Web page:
- Use a Spatula: When you're ready to remove the bacon from the baking sheet, use a spatula rather than tongs. Bacon is delicate and can easily tear so it's best to use a spatula to transfer it to a paper towel-lined plate.
- Drain the Grease: After you've transferred the bacon to a paper towel-lined plate, be sure to drain the grease. If you don't, the bacon will be greasy and oily. You can save this grease and use it to cook other dishes or simply throw it out.
- Season to Taste: Once the bacon is cooked, season it to taste with salt, pepper, or your favorite spices.
Frequently Asked Questions
Although both meat products come from a pig and are sliced into thin strips, fatback and bacon are actually two different things. Fatback is almost 100% fat, taken from the back of the pig, whereas bacon—or at least American streaky bacon—comes from the belly of a pig and contains both streaks of meat and fat. Over time, though, people have conflated the two products.
Standard bacon is high in saturated fat, which can increase your cholesterol levels and contribute to heart disease. It's also high in sodium and can cause bloating, water retention, and high blood pressure. Plus, bacon is a processed food, which means it contains added preservatives that can be harmful to your health.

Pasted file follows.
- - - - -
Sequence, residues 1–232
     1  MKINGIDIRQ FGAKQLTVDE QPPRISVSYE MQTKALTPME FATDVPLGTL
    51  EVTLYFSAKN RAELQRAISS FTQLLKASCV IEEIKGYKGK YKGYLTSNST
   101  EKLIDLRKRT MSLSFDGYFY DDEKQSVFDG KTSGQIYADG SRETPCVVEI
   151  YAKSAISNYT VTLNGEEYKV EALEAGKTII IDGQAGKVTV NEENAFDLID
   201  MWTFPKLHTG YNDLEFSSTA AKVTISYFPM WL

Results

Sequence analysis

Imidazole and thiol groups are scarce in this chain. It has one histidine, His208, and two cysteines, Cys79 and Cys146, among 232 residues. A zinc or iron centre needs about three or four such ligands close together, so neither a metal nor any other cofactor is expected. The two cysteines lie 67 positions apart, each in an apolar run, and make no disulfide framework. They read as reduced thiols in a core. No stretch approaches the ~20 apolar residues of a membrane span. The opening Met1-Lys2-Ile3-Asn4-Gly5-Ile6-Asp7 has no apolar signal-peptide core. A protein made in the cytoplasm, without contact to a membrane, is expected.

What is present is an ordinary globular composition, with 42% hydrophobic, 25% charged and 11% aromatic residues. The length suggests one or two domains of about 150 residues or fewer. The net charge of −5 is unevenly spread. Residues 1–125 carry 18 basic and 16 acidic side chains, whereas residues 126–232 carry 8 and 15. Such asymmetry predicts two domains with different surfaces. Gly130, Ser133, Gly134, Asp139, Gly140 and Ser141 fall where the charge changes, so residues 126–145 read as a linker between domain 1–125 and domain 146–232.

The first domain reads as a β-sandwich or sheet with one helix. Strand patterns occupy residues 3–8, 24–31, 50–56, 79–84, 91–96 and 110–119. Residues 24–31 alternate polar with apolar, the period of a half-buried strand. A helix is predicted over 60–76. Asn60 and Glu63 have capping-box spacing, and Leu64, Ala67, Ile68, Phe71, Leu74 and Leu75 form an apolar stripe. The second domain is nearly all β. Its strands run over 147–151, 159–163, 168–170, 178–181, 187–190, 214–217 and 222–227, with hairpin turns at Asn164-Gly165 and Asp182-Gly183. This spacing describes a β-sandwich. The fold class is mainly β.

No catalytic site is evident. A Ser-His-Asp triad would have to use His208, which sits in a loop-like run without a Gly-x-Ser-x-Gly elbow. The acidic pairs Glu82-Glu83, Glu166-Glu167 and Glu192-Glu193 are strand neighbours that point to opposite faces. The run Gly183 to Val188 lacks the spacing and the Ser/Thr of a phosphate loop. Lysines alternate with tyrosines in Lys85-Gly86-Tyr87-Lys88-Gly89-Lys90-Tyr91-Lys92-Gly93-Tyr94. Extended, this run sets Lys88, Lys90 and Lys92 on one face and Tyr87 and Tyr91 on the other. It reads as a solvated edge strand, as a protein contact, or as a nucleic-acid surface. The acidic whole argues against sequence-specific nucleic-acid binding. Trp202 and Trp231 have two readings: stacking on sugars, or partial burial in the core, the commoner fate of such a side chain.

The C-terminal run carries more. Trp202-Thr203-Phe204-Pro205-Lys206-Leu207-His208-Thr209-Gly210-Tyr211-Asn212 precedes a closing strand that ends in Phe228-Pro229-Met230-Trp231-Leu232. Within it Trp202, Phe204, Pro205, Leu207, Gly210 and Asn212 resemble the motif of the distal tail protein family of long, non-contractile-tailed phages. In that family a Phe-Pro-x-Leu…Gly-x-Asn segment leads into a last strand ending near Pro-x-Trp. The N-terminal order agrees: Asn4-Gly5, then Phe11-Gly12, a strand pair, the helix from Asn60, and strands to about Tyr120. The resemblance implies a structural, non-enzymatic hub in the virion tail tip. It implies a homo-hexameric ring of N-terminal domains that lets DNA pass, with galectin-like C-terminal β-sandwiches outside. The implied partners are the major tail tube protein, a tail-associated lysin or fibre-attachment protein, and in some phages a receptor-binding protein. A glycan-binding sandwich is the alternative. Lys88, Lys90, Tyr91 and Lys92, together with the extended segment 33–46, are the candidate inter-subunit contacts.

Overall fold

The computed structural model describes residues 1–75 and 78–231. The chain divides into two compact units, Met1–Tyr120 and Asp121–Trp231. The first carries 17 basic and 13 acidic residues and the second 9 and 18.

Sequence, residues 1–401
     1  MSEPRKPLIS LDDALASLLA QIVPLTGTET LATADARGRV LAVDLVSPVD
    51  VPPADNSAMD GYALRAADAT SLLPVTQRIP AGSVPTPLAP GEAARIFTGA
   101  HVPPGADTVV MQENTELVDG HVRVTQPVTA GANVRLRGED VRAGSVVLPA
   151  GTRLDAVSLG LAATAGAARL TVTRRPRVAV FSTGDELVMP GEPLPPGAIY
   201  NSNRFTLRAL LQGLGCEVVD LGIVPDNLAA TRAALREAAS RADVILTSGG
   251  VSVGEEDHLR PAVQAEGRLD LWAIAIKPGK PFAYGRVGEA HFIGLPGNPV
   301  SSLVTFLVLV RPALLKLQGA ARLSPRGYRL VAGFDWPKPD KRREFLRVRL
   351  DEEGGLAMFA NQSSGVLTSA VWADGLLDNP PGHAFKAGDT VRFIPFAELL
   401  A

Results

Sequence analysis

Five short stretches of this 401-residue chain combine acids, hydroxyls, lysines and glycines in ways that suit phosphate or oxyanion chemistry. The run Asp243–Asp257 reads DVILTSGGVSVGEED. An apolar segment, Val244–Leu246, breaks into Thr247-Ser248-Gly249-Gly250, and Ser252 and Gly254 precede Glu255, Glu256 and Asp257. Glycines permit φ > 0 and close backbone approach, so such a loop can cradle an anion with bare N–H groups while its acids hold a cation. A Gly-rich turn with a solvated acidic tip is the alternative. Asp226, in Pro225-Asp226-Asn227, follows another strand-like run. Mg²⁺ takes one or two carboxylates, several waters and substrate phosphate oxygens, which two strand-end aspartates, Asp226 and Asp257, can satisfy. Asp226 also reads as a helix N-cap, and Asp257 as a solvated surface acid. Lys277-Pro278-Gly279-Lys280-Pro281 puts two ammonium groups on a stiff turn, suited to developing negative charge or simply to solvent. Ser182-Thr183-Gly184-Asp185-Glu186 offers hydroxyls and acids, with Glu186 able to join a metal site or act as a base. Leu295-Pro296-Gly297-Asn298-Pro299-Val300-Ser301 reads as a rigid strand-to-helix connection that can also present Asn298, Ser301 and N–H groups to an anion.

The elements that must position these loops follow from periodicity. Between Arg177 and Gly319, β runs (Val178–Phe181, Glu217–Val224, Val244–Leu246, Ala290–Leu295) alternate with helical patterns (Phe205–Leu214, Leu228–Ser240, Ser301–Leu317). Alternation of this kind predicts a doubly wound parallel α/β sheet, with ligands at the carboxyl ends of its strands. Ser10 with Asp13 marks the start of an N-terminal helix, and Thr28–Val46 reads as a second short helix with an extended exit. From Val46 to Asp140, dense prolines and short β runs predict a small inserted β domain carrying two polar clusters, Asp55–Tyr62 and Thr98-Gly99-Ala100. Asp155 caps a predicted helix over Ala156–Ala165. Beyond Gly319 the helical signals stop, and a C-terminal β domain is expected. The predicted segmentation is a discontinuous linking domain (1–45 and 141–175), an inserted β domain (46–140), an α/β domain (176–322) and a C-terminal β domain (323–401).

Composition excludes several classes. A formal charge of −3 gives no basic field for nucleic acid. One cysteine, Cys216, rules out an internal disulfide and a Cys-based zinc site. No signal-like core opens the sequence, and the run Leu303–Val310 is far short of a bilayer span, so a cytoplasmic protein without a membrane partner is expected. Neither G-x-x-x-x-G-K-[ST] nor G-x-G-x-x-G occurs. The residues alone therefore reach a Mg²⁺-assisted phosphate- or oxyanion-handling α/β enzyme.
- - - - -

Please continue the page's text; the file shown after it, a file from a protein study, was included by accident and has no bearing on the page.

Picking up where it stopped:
Bacon has a relatively short shelf life and will only last for about a week in the fridge. If you want it to last longer, you can freeze it for up to two months. Just be sure to wrap it tightly in freezer-safe paper or aluminum foil.
Yes, you can cook bacon in the microwave, but we don't recommend it. Microwaving bacon can cause it to splatter and make a mess. Plus, it doesn't cook the bacon evenly, so some pieces will be overcooked while others will be undercooked.
Not all bacon is smoked and many of the brands that advertise a smokey flavor profile actually use a flavored additive to create the distinct taste. If you're looking for a truly smoked bacon product, be sure to read the label carefully or purchase an organic brand of bacon.
A Basic Bacon Recipe for Any Home Cook
- 1 pound of bacon
- Salt and pepper to taste
- Preheat the oven to 400° Fahrenheit.
- Line a baking sheet with parchment paper or aluminum foil and lay the bacon slices side by side, making sure to leave some room in between each slice.
- Bake the bacon for at least 12 minutes or until it's crispy to your liking.
- Remove the bacon from the oven and transfer it to a paper towel-lined plate to drain the grease.
- Season the bacon to taste and enjoy.
Nutrition Information:Yield: 4 Serving Size: 1
Amount Per Serving: Calories: 531Total Fat: 40gSaturated Fat: 14gTrans Fat: 0gUnsaturated Fat: 25gCholesterol: 112mgSodium: 1983mgCarbohydrates: 2gFiber: 0gSugar: 0gProtein: 38g